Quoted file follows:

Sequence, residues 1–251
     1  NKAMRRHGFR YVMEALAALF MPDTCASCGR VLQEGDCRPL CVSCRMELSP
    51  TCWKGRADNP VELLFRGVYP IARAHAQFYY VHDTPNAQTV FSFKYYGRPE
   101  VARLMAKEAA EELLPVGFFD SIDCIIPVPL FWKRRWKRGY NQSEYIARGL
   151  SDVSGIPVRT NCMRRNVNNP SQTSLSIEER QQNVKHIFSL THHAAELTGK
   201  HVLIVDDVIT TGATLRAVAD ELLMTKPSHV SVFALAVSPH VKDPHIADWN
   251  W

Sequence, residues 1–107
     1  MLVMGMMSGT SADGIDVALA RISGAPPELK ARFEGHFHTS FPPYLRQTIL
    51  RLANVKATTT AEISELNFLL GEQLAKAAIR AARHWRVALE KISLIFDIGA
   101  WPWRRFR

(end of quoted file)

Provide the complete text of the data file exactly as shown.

Sequence, residues 1–251
     1  NKAMRRHGFR YVMEALAALF MPDTCASCGR VLQEGDCRPL CVSCRMELSP
    51  TCWKGRADNP VELLFRGVYP IARAHAQFYY VHDTPNAQTV FSFKYYGRPE
   101  VARLMAKEAA EELLPVGFFD SIDCIIPVPL FWKRRWKRGY NQSEYIARGL
   151  SDVSGIPVRT NCMRRNVNNP SQTSLSIEER QQNVKHIFSL THHAAELTGK
   201  HVLIVDDVIT TGATLRAVAD ELLMTKPSHV SVFALAVSPH VKDPHIADWN
   251  W

Sequence, residues 1–107
     1  MLVMGMMSGT SADGIDVALA RISGAPPELK ARFEGHFHTS FPPYLRQTIL
    51  RLANVKATTT AEISELNFLL GEQLAKAAIR AARHWRVALE KISLIFDIGA
   101  WPWRRFR